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Injecting in plantar fasciitis

Our series on joint injection techniques continues with a look at how to inject in patients with plantar fasciitis.

Plantar fasciitis: the painful heel

The painful heel is an acutely tender spot in the middle of the heel pad, which can be accurately palpated by firm pressure. The pain is caused by plantar fasciitis, which is a strain of the long plantar ligament at its insertion into the calcaneum. The condition may occur alone or in other forms of arthritis such as Reiter's disease and ankylosing spondylitis.

Injection technique

Use 1 ml triamcinolone acetonide mixed with lidocaine (1% plain) in a 2 ml volume syringe with a 2.5 cm needle.

Allow the patient to lie prone on the examination couch with the heel facing uppermost. First swab the area to be injected liberally with 70% alcohol. Although the skin of the heel is thicker and tougher on the plantar surface, it is better to inject from the centre of the heel pad rather than from the side of the heel pad (where the skin is thinner). This will ensure more accurate localisation of the injection. Infiltrate the skin and subcutaneous area with 1% lidocaine plain and infiltrate lidocaine deeply down to the calcaneal spur, and then change the syringe leaving the needle in situ; the tip of the needle is accurately placed at the point of maximum tenderness, often touching the periosteum, before 0.5–1 ml of steroid mixed with 1 ml 1% lidocaine solution is injected. The whole lesion should preferably be infiltrated by moving the needle point to each tender spot to cover the whole lesion – as described for tennis elbow.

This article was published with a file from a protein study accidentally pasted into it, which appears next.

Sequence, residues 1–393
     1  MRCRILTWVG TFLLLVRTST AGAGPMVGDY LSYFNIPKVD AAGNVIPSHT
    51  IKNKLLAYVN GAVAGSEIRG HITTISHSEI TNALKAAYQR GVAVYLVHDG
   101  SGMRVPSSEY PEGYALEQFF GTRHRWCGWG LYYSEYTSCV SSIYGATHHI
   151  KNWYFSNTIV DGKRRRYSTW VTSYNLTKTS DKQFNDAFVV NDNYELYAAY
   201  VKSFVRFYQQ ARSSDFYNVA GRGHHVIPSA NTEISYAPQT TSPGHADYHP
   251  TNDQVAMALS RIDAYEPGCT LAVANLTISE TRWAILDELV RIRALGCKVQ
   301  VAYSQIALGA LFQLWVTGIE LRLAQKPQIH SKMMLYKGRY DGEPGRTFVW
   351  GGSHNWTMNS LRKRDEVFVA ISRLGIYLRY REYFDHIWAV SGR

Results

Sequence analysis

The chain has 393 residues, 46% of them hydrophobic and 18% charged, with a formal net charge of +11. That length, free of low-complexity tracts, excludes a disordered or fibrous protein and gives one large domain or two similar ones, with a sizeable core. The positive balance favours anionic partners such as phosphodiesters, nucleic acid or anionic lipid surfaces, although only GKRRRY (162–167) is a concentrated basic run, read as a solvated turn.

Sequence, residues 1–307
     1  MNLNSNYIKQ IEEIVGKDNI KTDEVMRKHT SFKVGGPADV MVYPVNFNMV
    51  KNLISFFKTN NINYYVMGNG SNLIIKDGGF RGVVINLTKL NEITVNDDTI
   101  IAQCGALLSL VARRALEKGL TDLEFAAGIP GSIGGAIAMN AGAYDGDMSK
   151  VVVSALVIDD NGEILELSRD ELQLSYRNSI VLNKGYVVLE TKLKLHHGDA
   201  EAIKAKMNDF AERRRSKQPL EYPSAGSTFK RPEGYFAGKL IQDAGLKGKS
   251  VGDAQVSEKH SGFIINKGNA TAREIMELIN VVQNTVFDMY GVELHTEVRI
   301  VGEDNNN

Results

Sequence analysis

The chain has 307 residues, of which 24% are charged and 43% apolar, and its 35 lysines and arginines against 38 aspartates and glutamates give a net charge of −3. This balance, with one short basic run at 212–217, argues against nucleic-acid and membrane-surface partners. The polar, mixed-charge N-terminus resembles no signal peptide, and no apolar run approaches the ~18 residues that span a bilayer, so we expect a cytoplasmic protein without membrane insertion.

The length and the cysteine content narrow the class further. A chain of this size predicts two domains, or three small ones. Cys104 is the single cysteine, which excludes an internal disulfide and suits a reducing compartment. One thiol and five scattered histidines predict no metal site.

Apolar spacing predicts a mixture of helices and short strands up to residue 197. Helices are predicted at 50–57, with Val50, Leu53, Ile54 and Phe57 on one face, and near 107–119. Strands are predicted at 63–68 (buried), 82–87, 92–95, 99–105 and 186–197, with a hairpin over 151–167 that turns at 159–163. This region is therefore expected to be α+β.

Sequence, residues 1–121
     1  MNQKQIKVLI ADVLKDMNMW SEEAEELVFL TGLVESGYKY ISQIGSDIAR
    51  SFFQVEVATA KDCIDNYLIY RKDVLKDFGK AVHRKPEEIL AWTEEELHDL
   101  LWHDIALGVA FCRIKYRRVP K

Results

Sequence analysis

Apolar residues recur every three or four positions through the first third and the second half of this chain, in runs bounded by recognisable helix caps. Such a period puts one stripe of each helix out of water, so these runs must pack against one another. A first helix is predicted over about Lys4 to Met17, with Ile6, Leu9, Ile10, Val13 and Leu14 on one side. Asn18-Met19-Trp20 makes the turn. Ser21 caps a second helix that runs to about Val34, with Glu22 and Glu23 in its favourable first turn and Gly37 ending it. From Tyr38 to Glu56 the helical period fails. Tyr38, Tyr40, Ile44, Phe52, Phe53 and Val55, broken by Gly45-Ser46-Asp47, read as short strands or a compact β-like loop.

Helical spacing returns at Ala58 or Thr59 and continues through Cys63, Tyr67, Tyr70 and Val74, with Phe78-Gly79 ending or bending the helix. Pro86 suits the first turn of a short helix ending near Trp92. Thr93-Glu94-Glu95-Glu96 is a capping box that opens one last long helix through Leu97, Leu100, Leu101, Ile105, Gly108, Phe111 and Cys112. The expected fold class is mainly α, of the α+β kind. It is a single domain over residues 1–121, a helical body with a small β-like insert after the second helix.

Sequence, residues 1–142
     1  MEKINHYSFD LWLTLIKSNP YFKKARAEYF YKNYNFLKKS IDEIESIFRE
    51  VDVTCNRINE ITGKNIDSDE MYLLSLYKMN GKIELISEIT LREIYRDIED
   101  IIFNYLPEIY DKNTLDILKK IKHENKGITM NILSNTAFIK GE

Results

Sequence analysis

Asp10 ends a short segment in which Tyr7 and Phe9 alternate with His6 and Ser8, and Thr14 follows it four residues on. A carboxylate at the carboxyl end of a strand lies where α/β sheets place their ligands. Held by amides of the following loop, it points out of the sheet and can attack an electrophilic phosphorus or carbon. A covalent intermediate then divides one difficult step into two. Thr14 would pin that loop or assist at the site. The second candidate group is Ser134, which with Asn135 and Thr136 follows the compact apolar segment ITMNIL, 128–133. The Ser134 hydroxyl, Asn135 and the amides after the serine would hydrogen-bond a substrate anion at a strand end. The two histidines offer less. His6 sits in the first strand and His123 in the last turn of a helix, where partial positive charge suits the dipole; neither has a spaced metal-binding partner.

Since this is a painful injection, it is best to mix the steroid solution with lidocaine and infiltrate the skin as much as possible, while at the same time advancing the needle towards the most tender spot. As the duration of action of lidocaine is only between two and four hours, bupivacaine plain 0.25% or 0.5% may be used instead of the lidocaine in recurrent cases. As the duration of action of bupivacaine may last for up to 16 hours, it is often kinder for the patient in order to ensure an anaesthetic effect until the anti-inflammatory effect of the steroid takes over.

Simple analgesia, avoiding walking on the affected heel for a couple of days and perhaps wearing a sponge rubber heel pad for a few days is sound post-injection advice.

 

This extract is taken from Joint and Soft Tissue Injection 5th Edition, by Dr Trevor Silver which is now available to purchase from Radcliffe Publishing with an exclusive 20% discount available until 30th September – simply quote PULSETS12.

-          Confidently diagnose conditions of the joints and soft tissue.

-          Understand the benefits and pitfalls of steroid injections.

-          New content – sports physiotherapy, elbow joint, iliotibial band syndrome and updates on greater trochanter pain syndrome.

This book has been adapted into an interactive app, bringing to life the high-quality illustrations and diagrams. It allows you to effortlessly navigate through the detailed explanations of technique.

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